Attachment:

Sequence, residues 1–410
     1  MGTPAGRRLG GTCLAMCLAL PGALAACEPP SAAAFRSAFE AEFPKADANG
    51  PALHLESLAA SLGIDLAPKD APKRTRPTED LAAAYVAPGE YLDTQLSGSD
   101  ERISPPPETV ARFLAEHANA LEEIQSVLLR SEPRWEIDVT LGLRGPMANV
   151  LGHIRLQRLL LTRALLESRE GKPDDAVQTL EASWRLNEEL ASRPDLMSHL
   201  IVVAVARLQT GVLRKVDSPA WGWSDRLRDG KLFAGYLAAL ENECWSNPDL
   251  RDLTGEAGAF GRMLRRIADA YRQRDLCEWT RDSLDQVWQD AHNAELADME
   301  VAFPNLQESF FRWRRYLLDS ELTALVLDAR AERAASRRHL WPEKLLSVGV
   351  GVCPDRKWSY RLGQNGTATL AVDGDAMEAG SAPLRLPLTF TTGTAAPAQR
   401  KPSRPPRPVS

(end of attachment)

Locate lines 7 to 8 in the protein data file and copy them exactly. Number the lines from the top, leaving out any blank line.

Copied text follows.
   251  RDLTGEAGAF GRMLRRIADA YRQRDLCEWT RDSLDQVWQD AHNAELADME
   301  VAFPNLQESF FRWRRYLLDS ELTALVLDAR AERAASRRHL WPEKLLSVGV